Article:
Parking lots at Vermont trailheads were overflowing for much of the summer, and trail system managers say it could be the same when the snow falls.
The COVID-19 pandemic drove a boom in outdoor recreation during the summer.
“At the end of last season, when all the resorts shut down, the retailers immediately sold out of all the backcountry gear they had,” said Greg Maino, communication and events director for Catamount Trails Association, which maintains a network of cross-country skiing trails.
By last month, Maino said, those retailers were seeing triple normal sales, pointing to a likely boom in cross-country skiing this winter.
R.J. Thompson of the Vermont Hut Association said winter reservations for the nonprofits network of huts, rented out by people who use them to access winter trail systems, tell a typical story.
“Our Chittenden Brook hut is 100% full from Jan. 1 to the end of March,” he said.
Thompson said the location doesn’t usually sell out until December, but this year it was booked up by September, and the other seven locations around the state are already 15% to 20% ahead of where they were for bookings last October.
Recreation managers are expecting snowshoeing to see a leap in popularity, as well.
“We have snowshoes that are free to anyone who’s a member, but it’s only $10 a month to be a member,” said Rutland Recreation Superintendent Kim Peters.
Peters said the city is preparing a variety of offerings, such as indoor bocce for the winter once the relevant state guidelines are released, Options for residents who want to keep their recreation outdoors as the pandemic lingers into winter include Pine Hill Park and 20 acres of the former College of St. Joseph campus, assuming city voters approve a $1.4 million bond next month.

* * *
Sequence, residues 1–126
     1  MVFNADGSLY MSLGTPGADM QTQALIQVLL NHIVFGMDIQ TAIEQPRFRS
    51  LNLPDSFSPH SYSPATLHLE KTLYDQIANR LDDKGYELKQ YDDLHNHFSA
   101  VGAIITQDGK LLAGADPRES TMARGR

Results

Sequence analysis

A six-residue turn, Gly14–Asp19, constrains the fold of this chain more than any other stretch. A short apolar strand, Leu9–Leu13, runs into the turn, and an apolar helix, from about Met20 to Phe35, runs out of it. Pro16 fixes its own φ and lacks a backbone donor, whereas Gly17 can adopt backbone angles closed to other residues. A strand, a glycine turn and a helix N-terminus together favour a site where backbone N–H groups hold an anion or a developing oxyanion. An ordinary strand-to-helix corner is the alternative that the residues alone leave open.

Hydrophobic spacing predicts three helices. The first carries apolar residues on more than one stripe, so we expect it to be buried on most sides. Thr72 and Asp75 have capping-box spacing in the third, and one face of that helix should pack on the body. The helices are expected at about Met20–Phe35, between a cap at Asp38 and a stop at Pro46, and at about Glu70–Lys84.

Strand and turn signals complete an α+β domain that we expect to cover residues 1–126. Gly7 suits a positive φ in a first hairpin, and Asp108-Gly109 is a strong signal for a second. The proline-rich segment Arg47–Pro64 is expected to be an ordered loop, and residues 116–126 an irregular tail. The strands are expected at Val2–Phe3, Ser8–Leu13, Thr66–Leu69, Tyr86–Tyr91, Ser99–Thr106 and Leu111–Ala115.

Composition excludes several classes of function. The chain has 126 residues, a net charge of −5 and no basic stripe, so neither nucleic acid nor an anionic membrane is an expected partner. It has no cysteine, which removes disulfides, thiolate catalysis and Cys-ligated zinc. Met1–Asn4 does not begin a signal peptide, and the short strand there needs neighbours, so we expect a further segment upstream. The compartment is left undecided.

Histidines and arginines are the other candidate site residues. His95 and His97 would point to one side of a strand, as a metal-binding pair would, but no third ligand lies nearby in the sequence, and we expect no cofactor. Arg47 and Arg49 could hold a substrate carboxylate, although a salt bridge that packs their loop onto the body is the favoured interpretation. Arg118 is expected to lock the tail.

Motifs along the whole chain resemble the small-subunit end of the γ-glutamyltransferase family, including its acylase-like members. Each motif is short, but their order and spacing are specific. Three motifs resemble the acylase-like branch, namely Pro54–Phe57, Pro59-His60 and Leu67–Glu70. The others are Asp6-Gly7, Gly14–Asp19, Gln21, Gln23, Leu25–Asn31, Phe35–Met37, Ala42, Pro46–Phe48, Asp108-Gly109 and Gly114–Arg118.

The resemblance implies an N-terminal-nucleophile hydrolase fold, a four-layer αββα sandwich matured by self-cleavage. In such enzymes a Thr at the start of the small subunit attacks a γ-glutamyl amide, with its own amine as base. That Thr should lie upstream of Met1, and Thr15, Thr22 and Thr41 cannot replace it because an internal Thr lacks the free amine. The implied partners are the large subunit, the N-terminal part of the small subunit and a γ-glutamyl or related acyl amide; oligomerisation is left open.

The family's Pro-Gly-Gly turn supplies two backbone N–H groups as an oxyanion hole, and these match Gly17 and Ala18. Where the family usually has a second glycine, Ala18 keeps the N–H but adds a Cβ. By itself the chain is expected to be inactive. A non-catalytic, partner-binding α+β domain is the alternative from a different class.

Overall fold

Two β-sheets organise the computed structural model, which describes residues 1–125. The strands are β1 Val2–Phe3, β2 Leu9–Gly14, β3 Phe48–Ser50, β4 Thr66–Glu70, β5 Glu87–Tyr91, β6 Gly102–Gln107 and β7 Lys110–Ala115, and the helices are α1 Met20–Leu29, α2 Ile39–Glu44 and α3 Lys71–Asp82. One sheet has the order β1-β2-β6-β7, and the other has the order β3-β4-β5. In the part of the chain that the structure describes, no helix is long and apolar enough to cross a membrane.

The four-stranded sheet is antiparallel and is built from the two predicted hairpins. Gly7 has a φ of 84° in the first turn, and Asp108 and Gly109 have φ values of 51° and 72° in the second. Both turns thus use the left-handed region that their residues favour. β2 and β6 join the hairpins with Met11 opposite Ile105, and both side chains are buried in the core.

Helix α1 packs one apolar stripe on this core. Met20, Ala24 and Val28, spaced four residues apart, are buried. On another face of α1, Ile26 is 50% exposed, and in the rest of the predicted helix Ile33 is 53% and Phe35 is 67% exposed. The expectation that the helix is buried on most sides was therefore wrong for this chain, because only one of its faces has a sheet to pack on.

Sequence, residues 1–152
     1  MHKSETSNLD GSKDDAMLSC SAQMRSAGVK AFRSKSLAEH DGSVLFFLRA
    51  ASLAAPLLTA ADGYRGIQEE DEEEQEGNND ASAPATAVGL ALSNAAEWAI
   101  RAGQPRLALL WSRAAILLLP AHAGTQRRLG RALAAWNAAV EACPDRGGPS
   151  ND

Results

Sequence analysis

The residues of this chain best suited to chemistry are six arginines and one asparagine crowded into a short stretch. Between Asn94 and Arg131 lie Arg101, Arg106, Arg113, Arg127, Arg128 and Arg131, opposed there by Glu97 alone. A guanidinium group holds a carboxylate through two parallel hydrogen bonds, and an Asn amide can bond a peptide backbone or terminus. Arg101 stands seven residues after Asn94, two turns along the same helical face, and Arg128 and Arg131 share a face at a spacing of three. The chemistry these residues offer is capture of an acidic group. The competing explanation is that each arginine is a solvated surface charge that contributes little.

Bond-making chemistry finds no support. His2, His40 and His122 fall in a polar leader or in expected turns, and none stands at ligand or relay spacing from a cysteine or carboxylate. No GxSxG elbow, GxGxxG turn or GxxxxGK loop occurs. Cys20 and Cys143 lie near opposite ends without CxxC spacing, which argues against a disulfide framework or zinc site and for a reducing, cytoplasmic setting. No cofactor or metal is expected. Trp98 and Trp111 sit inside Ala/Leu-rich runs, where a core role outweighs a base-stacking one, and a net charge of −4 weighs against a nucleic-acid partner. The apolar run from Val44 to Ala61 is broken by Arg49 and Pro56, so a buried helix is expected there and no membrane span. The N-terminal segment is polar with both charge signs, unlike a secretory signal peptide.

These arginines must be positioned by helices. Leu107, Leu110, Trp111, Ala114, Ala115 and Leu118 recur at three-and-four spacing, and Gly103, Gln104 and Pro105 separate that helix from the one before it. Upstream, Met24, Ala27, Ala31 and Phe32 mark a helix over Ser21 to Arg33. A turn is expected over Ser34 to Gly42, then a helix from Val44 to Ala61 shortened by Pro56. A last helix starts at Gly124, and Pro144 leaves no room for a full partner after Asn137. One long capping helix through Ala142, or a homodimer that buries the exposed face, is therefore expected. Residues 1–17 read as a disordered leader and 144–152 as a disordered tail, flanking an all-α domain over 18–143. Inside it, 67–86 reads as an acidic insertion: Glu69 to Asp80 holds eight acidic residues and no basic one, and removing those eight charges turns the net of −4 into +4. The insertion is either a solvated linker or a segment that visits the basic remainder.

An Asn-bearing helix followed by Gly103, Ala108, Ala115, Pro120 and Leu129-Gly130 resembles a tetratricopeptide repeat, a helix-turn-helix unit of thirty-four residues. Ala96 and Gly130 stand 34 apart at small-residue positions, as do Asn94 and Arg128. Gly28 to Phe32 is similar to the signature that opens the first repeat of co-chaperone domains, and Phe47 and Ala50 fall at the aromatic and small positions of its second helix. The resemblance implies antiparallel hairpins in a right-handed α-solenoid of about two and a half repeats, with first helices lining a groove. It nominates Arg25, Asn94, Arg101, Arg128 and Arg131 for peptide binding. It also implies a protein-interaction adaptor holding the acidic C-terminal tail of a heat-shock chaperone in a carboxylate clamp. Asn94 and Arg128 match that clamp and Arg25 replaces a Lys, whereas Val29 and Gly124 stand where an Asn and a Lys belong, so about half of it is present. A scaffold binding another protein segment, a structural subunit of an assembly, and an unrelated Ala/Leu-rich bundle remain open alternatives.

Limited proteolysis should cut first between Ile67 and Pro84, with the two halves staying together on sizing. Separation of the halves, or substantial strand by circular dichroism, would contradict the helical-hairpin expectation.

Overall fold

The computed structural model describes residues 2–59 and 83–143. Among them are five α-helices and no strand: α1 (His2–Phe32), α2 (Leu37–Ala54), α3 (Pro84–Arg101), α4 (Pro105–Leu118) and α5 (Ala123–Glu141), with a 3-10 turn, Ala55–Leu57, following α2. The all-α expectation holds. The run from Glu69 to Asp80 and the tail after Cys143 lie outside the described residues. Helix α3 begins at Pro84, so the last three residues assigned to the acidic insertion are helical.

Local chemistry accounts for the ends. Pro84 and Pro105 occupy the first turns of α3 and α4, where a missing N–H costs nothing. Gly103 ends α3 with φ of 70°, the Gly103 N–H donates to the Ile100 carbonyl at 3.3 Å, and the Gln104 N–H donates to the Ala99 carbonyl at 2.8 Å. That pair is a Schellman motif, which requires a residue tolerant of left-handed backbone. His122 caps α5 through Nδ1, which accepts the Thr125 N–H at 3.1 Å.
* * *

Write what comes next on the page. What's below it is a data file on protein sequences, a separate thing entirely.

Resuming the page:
Keegan Tierney, director of field programs for the Green Mountain Club, said the organization expects heightened usage to continue on the Long Trail, even though it doesn’t maintain the trail through the winter.
“The system is open in the winter,” he said. “We just made some active choices, in the club’s history, to not manage for winter use. If we had to manage it, it would mean things like plowing our parking lots up and down the state. We couldn’t do that, financially.”
Tierney said Green Mountain Club trails are mostly well-used enough that people will be able to snowshoe on them in the winter — if they can find parking.
Holly Knox, district recreation program manager for the U.S. Forest Service, said the federal agency maintains trails for snowmobiling, cross-country skiing, snowshoeing and fatbiking, said the service expects parking to be the limiting factor on access to those trails this winter.
“We only have so many trailheads that are plowed in the winter,” she said. “What we can do is educate the public about skiing places that are less busy.”
Maino said Catamount’s chief concern going into winter is parking as well.
“One of the things we’re encouraging people to have is a Plan B or even a Plan C, or a Plan D,” he said. “Go early, go late or go during the week.”
Maino said overflowing parking lots have the potential to be dangerous in winter and to create tensions with landowners around trail systems. Also, he said newcomers to back-country skiing need to know what they are getting into.
“Your typical resort skier — they’re probably a very competent and comfortable downhill skier,” he said. “There are a lot of things about the back country they need to be aware of — how to dress, how to pack, how to stay safe.”